Certain therapies and medications improve outcomes of adults with post-traumatic stress disorder
About 60 percent of men and 51 percent of women report suffering at least one traumatic event in their lifetime, and about two-thirds of children and adolescents will experience at least one traumatic event in their lifetime, according to the National Comorbidity Survey of mental health in the United States. The trauma could be a natural disaster like Hurricane Sandy or the recent Oklahoma tornadoes, a mass bombing or shooting like those at the Boston Marathon or Sandy Hook Elementary School, military combat, a motor vehicle collision, violent personal assault, the sudden death of a loved one, or being diagnosed with a life-threatening illness.
Post-traumatic stress disorder (PTSD) develops in up to a third of individuals exposed to traumas, according to the Institute of Medicine. Although about half of adults diagnosed with PTSD following a trauma improve without treatment in 1 year, 10 to 20 percent of these individuals develop persistent symptoms of PTSD, which can lead to job loss, familial discord, lower educational attainment, and suicide.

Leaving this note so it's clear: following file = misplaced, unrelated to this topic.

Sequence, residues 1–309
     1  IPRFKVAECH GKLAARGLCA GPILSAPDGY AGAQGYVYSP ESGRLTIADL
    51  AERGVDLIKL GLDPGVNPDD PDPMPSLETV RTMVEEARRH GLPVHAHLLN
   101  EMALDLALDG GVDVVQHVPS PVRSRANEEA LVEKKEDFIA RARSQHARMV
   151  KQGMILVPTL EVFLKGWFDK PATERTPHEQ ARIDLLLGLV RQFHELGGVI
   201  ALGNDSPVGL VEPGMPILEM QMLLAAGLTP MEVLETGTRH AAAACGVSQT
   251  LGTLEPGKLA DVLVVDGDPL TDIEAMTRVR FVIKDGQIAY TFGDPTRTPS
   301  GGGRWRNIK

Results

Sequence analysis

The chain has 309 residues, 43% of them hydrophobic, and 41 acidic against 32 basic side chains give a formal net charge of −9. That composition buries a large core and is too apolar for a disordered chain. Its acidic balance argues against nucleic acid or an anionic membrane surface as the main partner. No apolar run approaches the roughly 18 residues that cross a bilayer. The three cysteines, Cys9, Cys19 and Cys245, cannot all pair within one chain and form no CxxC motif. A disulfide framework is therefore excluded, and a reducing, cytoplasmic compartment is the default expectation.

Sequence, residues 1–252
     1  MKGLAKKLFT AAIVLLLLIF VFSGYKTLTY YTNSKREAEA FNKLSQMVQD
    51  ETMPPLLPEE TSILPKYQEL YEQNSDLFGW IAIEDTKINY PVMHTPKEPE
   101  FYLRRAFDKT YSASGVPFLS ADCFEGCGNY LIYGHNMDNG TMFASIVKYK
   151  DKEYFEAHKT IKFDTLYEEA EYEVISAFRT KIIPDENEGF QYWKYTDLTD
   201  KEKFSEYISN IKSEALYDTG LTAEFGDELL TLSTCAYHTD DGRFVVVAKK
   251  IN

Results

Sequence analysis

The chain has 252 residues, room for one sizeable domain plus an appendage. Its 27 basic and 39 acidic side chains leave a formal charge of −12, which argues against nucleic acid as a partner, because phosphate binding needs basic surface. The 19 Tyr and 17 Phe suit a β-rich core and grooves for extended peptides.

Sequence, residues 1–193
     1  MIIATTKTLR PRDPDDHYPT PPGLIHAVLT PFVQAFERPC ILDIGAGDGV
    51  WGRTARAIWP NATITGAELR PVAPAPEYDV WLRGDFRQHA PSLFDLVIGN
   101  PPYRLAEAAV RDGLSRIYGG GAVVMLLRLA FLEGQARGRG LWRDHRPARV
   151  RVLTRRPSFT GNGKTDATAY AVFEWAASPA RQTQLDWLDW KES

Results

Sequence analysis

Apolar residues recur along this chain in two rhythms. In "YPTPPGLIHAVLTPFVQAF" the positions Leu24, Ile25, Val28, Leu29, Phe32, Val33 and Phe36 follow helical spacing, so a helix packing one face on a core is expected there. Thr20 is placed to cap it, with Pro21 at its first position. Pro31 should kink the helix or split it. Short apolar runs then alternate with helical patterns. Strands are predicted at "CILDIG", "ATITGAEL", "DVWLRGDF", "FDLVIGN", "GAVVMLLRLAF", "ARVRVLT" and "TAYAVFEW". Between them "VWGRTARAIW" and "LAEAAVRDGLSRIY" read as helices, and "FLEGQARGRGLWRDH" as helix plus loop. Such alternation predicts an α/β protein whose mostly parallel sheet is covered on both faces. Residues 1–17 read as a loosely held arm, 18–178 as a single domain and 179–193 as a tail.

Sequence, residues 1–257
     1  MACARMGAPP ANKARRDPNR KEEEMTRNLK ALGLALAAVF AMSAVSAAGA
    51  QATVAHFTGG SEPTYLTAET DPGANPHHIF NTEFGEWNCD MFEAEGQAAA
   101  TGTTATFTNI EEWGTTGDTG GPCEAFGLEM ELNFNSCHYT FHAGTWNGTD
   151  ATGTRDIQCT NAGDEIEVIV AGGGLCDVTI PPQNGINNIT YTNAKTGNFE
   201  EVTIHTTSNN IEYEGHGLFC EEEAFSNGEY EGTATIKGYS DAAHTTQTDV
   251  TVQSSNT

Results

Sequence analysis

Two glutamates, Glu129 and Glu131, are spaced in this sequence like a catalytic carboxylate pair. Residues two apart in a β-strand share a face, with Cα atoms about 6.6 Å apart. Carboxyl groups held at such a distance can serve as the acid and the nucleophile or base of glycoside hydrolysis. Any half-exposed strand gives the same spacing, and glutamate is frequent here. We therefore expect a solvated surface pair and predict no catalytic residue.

The good news is that several psychological and drug treatments appear to be effective for improving outcomes of adults with PTSD, according to a new AHRQ research review, Psychological and Pharmacological Treatments for Adults With Post-Traumatic Stress Disorder.
In many studies, therapy or medication reduced symptoms within 4 months, with some therapies having a large benefit, and certain medications having a small to medium benefit. The essential symptoms of PTSD are re-experiencing the trauma (e.g., intrusive memories or flashbacks); avoidance or numbing from thoughts, feelings, or activities associated with the trauma; or hyperarousal, for example, having an exaggerated startle response.